Before Title III of the JOBS act became active, companies were only able to accept money in the form of capital from whom the Securities Act of 1933 defined as an accredited investor. Such investors must earn at least $200,000 per year for two years, have an annual joint income of $300,000 for two years or hold a net worth of $1 million.
The JOBS act has now made it possible for a person, who earns an average income, to purchase a small equity stake in startups. Equally groundbreaking, Title III even allows for these securities-based crowdfunding transactions to occur online.
The stipulations of the law require that a potential investor must go through an official brokered-dealer to legally purchase shares. All funding portals and intermediaries must be registered with the Securities and Exchange Commission (SEC) to ensure their compliance with multiple regulations while also acting as a gatekeeper against potential fraud.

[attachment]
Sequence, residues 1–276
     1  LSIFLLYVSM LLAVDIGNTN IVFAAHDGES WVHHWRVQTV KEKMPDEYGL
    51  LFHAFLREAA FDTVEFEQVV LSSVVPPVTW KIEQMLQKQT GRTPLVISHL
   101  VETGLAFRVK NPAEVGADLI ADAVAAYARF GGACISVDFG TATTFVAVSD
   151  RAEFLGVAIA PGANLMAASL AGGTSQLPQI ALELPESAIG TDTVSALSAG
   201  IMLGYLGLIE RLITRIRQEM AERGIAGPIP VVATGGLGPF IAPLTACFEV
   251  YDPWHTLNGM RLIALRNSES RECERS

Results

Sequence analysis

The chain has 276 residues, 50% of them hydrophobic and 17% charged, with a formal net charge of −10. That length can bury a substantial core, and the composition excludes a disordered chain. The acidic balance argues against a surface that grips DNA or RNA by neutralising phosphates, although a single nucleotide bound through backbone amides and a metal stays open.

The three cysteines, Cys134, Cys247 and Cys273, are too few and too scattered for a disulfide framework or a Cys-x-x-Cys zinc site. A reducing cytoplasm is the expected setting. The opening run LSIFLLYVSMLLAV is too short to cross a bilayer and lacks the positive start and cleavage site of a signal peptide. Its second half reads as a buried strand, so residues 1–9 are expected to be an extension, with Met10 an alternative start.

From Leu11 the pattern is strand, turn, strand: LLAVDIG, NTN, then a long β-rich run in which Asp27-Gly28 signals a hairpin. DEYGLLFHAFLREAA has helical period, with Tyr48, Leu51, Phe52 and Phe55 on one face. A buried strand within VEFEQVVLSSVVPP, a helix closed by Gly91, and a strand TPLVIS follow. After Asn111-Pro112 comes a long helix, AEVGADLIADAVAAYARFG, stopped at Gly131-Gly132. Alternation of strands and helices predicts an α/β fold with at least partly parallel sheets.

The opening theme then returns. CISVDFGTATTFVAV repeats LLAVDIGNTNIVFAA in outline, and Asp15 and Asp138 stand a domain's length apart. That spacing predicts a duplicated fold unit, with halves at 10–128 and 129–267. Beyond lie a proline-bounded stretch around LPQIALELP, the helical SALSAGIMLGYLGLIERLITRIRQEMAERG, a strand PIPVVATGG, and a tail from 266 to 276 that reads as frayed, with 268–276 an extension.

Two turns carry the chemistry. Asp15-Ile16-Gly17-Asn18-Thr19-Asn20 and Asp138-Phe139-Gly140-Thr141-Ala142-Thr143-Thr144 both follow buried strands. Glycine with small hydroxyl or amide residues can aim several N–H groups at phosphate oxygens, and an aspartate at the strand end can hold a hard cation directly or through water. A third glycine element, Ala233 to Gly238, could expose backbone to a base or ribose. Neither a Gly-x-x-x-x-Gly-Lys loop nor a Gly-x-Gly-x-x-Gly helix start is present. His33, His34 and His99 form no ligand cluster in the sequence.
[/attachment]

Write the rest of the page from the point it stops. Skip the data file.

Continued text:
The maximum amount such investors can invest is capped at $100,000 per year. Also, if the annual income or net worth of the investor is less than $100,000, he or she is limited to investing the greater of $2,000 or 5 percent of their annual income or net worth. If the investor’s annual income and net worth is equal to or exceeding $100,000 the amount invested cannot be more than 10 percent of their annual income or net worth.
In an effort to educate those who wish to be apart of this process, equity crowdfunding platforms must also provide information to both investors and issuers upfront, continuing to guide both parties throughout the entire transaction. According to the SEC, all funding portals are required to become members of a registered national securities association and today the Financial Industry Regulatory Authority (FINRA) is the only such association that exists. According to Crowdfund Capital Advisors, WeFunder and Start Engine are two of the most widely used platforms at this time, holding the highest percentages of offerings out of all registered FINRA platforms. A list of all current FINRA funding portal members can be found here.